Posted on: May 25, 2016
Systems can be in place, the logo fabulous, and the product something that will absolutely fly out the door but without the right people your business won't go far. Finding the right people is important and often difficult. The size of your business, the resources you have to find and pay people, and many other circumstances affect your hiring. And in case you don't know this, your judgement is probably awful when it comes to hiring. Many businesses fall into the trap of looking for people they like and who might be a "good fit" with the values of the company while horribly neglecting if the person can do the job. Here are the worst traps to avoid when you are in the maze of hiring:
Information about a potential employees' personal lives, hobbies, age, gender, clothing style, and what kind of tree they see themselves as does not matter. The more you get to like them as people, the less likely you are to be at all objective about their skills to do the job. If you make the mistake of finding out they really need the job so they don't have to move or take their kid out of private school, you are even closer into the trap of hiring because the person needs the job and not because they are a good match for the job. Avoid personal chit-chat even in the interview warm-up and you will be able to better think about the answers to their skill questions. If you are a real people person and have trouble with that, just tell the candidate something like this: "Our first interview will concentrate completely on your skills to do the job rather than other aspects like fit with the company culture. We apologize if this seems clinical but we want to make sure your skills are a good fit for the position before we get to know you better."
Since you aren't asking feel-good or warm-up questions, what are you talking about? Ideally, you are asking questions based on the job and the skills to perform the job. This is not always as easy as it sounds. In a start-up company when the job is likely to morph, this is difficult. New positions are hard to analyze. Small businesses owners find it particularly hard to devote resources to job analysis since one of the primary tasks of all the jobs is to do whatever it takes to make the business successful, whether that is taking out the trash or restocking the product shelves. Never-the-less, coming up with a job description of the actual tasks instead of personality traits you want is still going to produce better hiring results than relying on your "I like this person" instinct.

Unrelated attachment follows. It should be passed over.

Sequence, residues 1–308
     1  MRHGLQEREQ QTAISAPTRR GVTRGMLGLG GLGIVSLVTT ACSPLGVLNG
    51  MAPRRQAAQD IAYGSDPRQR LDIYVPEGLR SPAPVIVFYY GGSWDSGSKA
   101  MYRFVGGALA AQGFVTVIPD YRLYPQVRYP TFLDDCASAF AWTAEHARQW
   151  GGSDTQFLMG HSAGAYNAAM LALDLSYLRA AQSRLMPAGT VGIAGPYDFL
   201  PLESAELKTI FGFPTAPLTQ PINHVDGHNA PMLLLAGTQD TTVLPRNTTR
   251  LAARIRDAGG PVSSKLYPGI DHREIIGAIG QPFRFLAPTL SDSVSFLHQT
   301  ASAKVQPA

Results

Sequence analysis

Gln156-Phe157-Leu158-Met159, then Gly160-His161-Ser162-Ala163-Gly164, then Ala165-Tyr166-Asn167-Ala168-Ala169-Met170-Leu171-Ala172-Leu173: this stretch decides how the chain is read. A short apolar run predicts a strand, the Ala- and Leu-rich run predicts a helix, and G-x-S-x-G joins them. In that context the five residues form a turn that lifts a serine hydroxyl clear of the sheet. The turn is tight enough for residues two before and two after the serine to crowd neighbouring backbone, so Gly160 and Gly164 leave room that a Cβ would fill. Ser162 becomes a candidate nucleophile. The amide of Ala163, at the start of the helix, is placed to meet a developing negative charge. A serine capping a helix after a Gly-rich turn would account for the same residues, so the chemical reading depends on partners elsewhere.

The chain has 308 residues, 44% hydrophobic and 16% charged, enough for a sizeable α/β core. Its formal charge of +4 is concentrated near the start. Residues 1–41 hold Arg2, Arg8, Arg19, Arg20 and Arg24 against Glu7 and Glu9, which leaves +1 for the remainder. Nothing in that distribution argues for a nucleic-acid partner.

Take time to get as much information as you can about critical skills. If you can actually add a skills based assessment (code this, write this, manage this in-box exercise, drive this bus), you will have raised the quality of your interview process. Adding standardized assessment instruments to your interview process may be a perfect fit for your business. These instruments cost something but spending money to get the right employee will ultimately save you time, money, and aggravation. At least consider using an assessment instruments if not in the first round, then possibly as a second step once you narrow your selection pool. Here are just a few of the types of assessments available: MBTI Personality Type (http://www.myersbriggs.org/), The Predictive Index (www.predictiveindex.com), Wonderlic Cognitive Test (www.wonderrlic.com), and the Jung Typology Profiler for Workplace (www.humanmetrics.com)
No matter what you do with your interviewing, you will eventually make a bad hiring decision. Let's be frank - some people are not only fabulous actors, they have charm and know how to get through the hiring system. They may even have faked credentials. Your best defense is to have a trial period that you can think of as a continuation of your hiring process. For this to be both effective and fair to the person, you need to be clear there is a trial period and outline how that will work.
Put in writing before you offer the position the length and process of the trial so the person can decide if they want the position.
Get everything they need to do their job like desks, computers, system access, and training before they start their job so they can start working as productively as possible.
Review their performance at least weekly during the trial period. Just like in the interview process, stick to the facts. Are they doing the job they were hired to do?
It is better for the business and for the employees to terminate employment as quickly as possible if they are not a good fit. Not only are they able to resume interviewing for a job more easily, and may even have other offer options, but you are not investing additional company time and energy in them.
If you would like more information about hiring practices, Professor Allen Huffcutt has done wonderful research. This article "From Science to Practice: Seven Principles for Conducting Employment Interviews" goes deeper into the findings, and offers more practical help in navigating the hiring maze and finding those special people who will make your business successful.